Q: Do you think, given the current explosion in casual gaming, that All Play could ultimately become a bigger deal than your core sports titles?
Peter Moore: No, we have a very strong core business and we love that consumer. That consumer is the guy who lines up at midnight when Madden comes out; it's the millions of people who buy FIFA. The new consumers coming in are not obviously that core consumer and I want to make sure our brand means something to them as well.
At the same time, there are people that have come before me in saying what EA Sports is. It's in the game, it's authentic, it's simulated, it's fully licensed. Everything you see and love in the sport you get to play. The Wii consumer says, you know, I play Wii Sports and that feels like fun, that feels like sports to me. We need to have a closer relationship with that consumer with EA Sports as well - but not lose our core consumer. Absolutely not.
Q: You talked yesterday about how, even on a yearly basis, you believe the Sports teams are creating a lot of innovation. Realistically there are clearly limits with what can be achieved with an annual franchise - if required, would you be prepared to put a hold on one of these and give them, say, an extra year?
Peter Moore: Well, if we really felt we were in trouble, that we just couldn't innovate at the level we needed to, yes. I don't think that with any of our franchises, even as difficult as it got with NBA Live a couple of years ago, there was a focus on 'let's take a year off'. That wasn't the case. The team has done phenomenally well; you've probably seen it here. We're making huge steps. We gained 15 Metacritic points this past year, from an admittedly low base.
But I don't think there's any temptation to take a year off and try and catch up. I think our teams now are really starting to get in the flow of not just PS3 and Xbox 360, but as you've seen, really get a feel for what the Wii should be all about.
Q: You've commented recently on how, like a lot of publishers, you're winding back on traditional PC releases in response to the way the market is changing. I spoke with your former colleague [Xbox Europe boss] Chris Lewis a couple of months ago and we were talking about the disc versus digital issue. His words were that pretty soon discs would be an "historic phenomenon", and he suggested there would be a real shift in the next "12-18 months". Do you agree with that prediction?
Peter Moore: No, I don't think... Chris is right: physical media will ultimately go away. I think it's a lot longer than 12-18 months. But at the same time we, like all publishers, have to move online, have to find ways to deliver our consumer bite-sized entertainment less expensively, if you don't want the whole USD 50-60 experience maybe. And yeah, five years from now maybe we'll go: 'Do you remember when we used to drive to a store to buy a shiny disc with data on and come back and put it in the disc drive?' We'll kind of laugh at that; it'll go right with the 8-tracks and everything else like that.
So I think Chris is a little premature in his assumption on that. But more and more we're seeing homes with large home servers being built. The Elite for Xbox has 120GB of storage. This is all tied in with making sure that, should people want more and more content by broadband, you can store it somewhere. We at EA are of the same belief.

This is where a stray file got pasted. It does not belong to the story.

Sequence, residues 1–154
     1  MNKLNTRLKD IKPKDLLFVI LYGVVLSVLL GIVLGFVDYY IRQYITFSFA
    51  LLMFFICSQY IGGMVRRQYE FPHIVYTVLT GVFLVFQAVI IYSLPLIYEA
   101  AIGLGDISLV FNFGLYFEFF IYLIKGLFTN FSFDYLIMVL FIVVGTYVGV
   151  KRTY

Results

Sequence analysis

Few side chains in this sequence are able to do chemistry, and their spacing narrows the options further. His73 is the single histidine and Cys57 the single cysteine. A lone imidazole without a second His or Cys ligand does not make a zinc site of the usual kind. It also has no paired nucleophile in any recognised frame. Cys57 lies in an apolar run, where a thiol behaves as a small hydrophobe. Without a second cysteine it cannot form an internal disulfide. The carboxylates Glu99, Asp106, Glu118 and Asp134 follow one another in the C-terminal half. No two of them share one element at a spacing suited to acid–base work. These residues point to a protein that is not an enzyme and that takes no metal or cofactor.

Q: There's lots going on with your attempted Take-Two deal... [Drowned out by loud cheering from nearby pool table]
Peter Moore: Just for the record you've got Lennox Lewis, Sugar Ray [Leonard] and [Ronald] Winky [Wright] playing pool. Lennox is a snooker player, I'm sure.
Q: You don't get that in the average development studio.
Peter Moore: No, not three of the greatest fighters ever.
Q: I was talking to [EA VP of communications] Jeff Brown about Take-Two last night...
Peter Moore: He's more colourful than me with this stuff.
Q: Everyone's looking at that deal largely in terms of GTA. EA Sports has a hole with baseball [Take-Two holds the exclusive Major League licence], so presumably you'd be looking forward to this going through at least in those terms?
Peter Moore: Yeah, we wish we had baseball. As I'm sure you know, when the NFL determined it only wanted one partner in this space, we bid competitively for that and were fortunate to get the licence. Take-Two went out and got the exclusive third-party licence for baseball, which leaves many of us here as baseball fans a little sad.
We all love the game and it's incredibly popular at this time of year in North America. It would be one of the benefits should the deal get to some conclusion, but there's a long way to go before that deal is... and I think Jeff was quoted as saying '50/50'? Good old Jeff. But I can't comment further on it.
Q: The timing of your departure from Microsoft. You'd been there a while, were the figurehead and achieved a lot. And 2007 was seen as a huge year for Xbox with the quality of the software and the window of opportunity it had to make a mark before PS3 really gained momentum. Sony has just claimed PS3 has overtaken 360 in Europe, and 360 is struggling in other areas. From your point of view, was there a sense that you were getting close to the limit of what you could achieve with market share, and maybe it was time to move on?
Peter Moore: No, I think it was two things, and I've said it over and over. My family wanted to get back to the Bay area; my daughter graduated from Berkeley a couple of years ago and she works at Edelmen public relations and wanted to be back in San Francisco. My son never moved to Seattle - he graduates in two weeks from Berkeley. And we've lived a long time in the Bay area, and as much as I thoroughly enjoyed working at Microsoft there was really a yearning for getting back to what we as Brits living in America call home, which is the San Francisco Bay area.